Once your baby graduates to the toddler stage, it can seem as though life is changing faster than you can keep up. As your child learns and develops new skills, so will you as a parent. One of the most important things to know is how to deal with toddler tantrums.
As unpleasant as they may be, toddler tantrums are a very normal and expected part of your child’s development. It is important to understand that your child’s outbursts are their way of trying to express themselves. Whether it is to assert their independence or to relay an intense feeling of anger or frustration, your little one lacks the necessary language and communication skills necessary to relay how they are feeling.
Understanding the reason behind your child’s behavior can help you make decisions and choose the right approach and parenting style to help guide your child through their tantrums and in some cases, avoid them altogether. In this article, we will explore toddler tantrums and discuss ways to help both you and your little one succeed during this stage of development.
Understanding Toddler Tantrums
Tantrums are par for the course when parenting a toddler-aged child. Between the ages of 1 and 4 years old, you can expect your little one to display outbursts of emotion that may seem to be exaggerated given the circumstances. These outbursts can be verbal, physical, or a combination of the two.
As your toddler becomes more independent, they are also aware of their dependence on you for attention as well as their needs. This conflict is emotionally complex and your little one not only lacks the communication skills to verbally convey their feelings, but toddlers also lack the self-regulation and coping skills to handle big emotions.
Some of the most common causes of toddler tantrums are:
- Environmental factors: A number of environmental factors can make it more likely for your toddler to have a tantrum. Being hungry, tired, or overstimulated, can cause your child to have a harder time regulating their emotions and expressing themselves.
- Emotional factors: Remember your toddler’s brain is still developing. Feelings of anger, disappointment, fear, and embarrassment are new experiences for them. They can be overwhelming and because they do not have the language or coping skills, these feelings often manifest as toddler tantrums.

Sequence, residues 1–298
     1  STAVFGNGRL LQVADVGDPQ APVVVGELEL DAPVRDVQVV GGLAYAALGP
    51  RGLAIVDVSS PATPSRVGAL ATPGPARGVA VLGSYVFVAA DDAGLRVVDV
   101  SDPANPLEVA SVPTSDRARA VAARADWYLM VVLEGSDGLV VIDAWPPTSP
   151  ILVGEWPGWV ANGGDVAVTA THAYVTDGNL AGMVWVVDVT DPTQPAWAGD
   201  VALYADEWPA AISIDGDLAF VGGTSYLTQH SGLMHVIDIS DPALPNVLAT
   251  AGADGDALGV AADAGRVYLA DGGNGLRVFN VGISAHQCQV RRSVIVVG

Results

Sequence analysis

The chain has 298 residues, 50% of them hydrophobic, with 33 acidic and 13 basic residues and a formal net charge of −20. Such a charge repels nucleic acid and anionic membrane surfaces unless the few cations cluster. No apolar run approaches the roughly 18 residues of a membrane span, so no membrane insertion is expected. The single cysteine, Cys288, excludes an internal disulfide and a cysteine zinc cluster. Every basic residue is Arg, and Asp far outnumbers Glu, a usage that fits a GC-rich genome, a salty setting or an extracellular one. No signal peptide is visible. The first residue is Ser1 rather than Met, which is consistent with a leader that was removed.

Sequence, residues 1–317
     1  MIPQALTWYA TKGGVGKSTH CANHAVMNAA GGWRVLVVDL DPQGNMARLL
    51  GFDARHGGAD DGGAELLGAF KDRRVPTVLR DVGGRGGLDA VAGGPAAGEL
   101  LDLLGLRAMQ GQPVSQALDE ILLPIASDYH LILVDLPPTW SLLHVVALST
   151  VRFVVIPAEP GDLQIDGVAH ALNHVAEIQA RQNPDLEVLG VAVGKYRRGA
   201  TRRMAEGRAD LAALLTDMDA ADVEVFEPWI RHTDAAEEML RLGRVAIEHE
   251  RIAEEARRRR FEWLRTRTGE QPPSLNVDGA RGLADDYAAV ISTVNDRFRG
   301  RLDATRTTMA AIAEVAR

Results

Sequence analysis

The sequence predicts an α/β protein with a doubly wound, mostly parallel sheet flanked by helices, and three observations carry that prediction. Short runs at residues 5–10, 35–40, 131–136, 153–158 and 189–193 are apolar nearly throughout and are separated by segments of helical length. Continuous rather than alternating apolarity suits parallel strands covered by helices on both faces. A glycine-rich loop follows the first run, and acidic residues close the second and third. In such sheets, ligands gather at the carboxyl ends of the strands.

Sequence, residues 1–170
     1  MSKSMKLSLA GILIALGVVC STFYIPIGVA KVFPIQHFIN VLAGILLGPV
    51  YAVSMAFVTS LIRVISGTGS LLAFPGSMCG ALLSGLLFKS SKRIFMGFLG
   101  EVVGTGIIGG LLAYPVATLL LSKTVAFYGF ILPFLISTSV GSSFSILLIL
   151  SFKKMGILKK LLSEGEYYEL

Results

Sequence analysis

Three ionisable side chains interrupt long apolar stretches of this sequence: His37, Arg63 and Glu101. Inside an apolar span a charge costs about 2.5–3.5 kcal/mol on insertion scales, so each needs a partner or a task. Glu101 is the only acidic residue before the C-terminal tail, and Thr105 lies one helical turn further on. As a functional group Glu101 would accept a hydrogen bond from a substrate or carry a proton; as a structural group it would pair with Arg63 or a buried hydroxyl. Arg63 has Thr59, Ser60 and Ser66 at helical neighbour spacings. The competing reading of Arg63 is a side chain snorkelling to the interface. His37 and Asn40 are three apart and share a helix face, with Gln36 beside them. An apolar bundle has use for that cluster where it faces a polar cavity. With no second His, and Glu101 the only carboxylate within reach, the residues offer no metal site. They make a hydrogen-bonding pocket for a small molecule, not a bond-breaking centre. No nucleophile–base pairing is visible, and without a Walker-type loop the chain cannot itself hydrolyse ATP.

- Situational factors: Your child is learning socio-emotional skills every day. A lot of situations will arise that your toddler hasn’t learned how to react to or lacks the necessary coping skills. For example, they may see another child playing with one of their toys, or it may be time to leave the park and they don’t want to. Not knowing how to cope with these events leads to a toddler tantrum.
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Set Your Child Up For Success
One of the best ways to deal with toddler tantrums is to try and avoid them whenever possible. While you can never predict or guarantee your little one won’t end up throwing a tantrum, there are some proactive ways to help set your child up for success and encourage positive behavior.
While it may seem like there isn’t much you can control these days, you can control some of the environmental factors that may be contributing to your child’s emotional state. For example, if your toddler is more likely to have a tantrum when they are hungry, be sure to always have snacks handy or pay special attention to the consistency of their meal schedule.
The same is true for naptime and sleep. Overtired children are much more likely to have a hard time regulating their emotions. Planning around their nap and sleep schedules may help you avoid a future emotional outburst.
Managing both your child’s expectations and your own can make a world of difference in preventing unnecessary tantrums. Try giving a few warnings before leaving the park, or a friend’s house to allow your toddler time to process the situation.
If a certain aisle in the store is a trigger for your little one, talk to them before entering the store and avoid that aisle during the trip. Make sure that the toys and activities you provide for your toddler are age-appropriate and not so advanced that they become frustrated.
Give Them Safe Options
Your toddler is desperate to start asserting their independence. It can seem like you spend most of your time saying “no” or “don’t do that.” Try adding in as many choices as you can for your toddler to make on their own.